Labour’s standing as the party of the left in Scotland has been called into question after new research found SNP voters are more supportive of left-wing policies.
It means the divide between the parties is now about more than just independence with SNP backers more enthusiastic about measures such as increasing welfare payments with Holyrood’s new powers, according to the Strathclyde University study.
Labour has lurched heavily to the left during the campaign, with leader Kezia Dugdale setting plans for across the board tax rises with a manifesto this week hailed as a “return to Labour’s roots”.
It comes as a separate poll indicates that Nicola Sturgeon’s party is on course for a “commanding” victory in next week’s election, although Labour should beat the Tories into second place.
More than 10,000 Scots have used a Voter Guidance toll being run by researchers from Strathclyde University. Labour voters prove to be less likely than SNP supporters to give a left-wing response, which means they support greater government intervention.
Nearly three-quarters (74 per cent) of SNP voters agree that “welfare payments for people in Scotland with disabilities should be increased”, compared with 56 per cent of Labour voters.
John Curtice, professor of politics at Strathclyde University, said: “On a number of key issues, Labour voters are apparently less keen than SNP supporters on government funding and intervention. The electoral battle between Labour and the SNP at this election is apparently not just about whether Scotland should or should not be in the UK, but also reflects a divergence of view on how big a role voters think the government should play in Scotland.”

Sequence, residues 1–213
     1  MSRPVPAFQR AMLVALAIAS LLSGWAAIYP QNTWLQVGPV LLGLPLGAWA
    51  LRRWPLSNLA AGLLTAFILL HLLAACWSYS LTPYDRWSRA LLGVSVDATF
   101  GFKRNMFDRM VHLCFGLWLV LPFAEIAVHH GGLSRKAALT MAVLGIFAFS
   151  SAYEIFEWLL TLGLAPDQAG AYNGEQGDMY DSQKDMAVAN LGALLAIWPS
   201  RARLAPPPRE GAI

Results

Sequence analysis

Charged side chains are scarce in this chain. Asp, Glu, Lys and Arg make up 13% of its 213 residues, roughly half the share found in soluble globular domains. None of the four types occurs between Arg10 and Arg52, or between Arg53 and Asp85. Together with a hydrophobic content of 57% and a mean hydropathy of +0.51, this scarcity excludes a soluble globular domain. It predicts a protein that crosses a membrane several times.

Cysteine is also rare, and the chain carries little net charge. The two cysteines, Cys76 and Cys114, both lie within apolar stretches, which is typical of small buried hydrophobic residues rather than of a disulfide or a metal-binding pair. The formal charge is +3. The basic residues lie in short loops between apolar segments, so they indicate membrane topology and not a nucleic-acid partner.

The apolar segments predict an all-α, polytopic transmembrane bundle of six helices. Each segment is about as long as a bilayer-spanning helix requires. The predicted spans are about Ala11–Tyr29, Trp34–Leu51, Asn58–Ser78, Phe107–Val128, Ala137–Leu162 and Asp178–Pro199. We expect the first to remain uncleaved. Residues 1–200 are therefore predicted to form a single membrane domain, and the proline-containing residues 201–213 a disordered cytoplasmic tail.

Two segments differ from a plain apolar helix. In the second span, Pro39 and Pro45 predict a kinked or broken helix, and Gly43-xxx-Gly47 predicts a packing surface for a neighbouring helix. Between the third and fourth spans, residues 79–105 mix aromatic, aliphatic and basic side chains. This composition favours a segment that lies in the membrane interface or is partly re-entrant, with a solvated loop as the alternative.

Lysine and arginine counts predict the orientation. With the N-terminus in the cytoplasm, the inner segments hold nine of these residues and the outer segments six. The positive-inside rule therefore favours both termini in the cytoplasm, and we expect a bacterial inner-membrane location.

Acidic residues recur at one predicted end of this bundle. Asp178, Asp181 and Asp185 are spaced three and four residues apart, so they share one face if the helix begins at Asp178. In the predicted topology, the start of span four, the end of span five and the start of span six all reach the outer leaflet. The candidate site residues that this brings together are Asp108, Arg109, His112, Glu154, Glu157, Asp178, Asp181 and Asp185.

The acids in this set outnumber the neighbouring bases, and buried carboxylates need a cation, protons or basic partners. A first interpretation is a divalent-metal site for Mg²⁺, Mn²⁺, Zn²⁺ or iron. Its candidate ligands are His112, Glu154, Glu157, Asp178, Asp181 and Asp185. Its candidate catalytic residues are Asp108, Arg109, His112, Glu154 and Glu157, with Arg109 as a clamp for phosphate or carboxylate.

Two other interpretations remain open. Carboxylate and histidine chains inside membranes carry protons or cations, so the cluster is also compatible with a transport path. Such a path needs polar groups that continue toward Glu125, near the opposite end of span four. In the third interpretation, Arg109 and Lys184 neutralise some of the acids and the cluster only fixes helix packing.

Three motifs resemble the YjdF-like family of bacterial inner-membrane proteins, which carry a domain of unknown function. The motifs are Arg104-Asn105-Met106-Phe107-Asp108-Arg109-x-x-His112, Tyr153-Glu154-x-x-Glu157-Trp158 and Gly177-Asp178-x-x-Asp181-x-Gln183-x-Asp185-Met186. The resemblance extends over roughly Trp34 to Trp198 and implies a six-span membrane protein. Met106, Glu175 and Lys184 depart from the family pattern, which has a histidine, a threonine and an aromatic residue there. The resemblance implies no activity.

The introduction of tuition fees for university students is opposed by 83 per cent of SNP voters, a view shared by fewer than half (47 per cent) of Labour supporters.
In total, 73 per cent of SNP voters can be classified as left wing, while 44 per cent of Labour supporters fall into this category.
A spokesman for the SNP said: “This polling confirms that the SNP is the party whose policies chime with the vast bulk of the Scottish electorate.”
Meanwhile, a separate poll conducted by Survation found nearly three-quarters (71 per cent) of Scots believe Holyrood politicians should blame Westminster less when new powers are devolved to Edinburgh. The same proportion agreed the changes, which will see MSPs take responsibility for income tax and some benefits, will mean the Scottish Parliament will be more accountable than ever before.
The research, which was carried out for the campaigning organisation 38 Degrees, found fewer than two-fifths (37 per cent) of those questioned thought political parties had shown the “right level of ambition” in how they plan to use the new tax and welfare powers, with 28 per cent saying they had not been ambitious enough.
Just over a fifth (22 per cent) said the parties’ plans are “too ambitious”, with 14 per cent of voters saying they did not know.
The SNP remains on course for a victory in next week’s Holyrood’ election, another TNS survey yesterday found. But there is better new for Mrs Dugdale with her party enjoying a clear lead over the Tories in the battle for second place.
The SNP lead is down slightly according to TNS, but it still remains on course for an unprecedented third successive term in office, with 52 per cent of Scots backing the SNP in the constituency vote, down four points.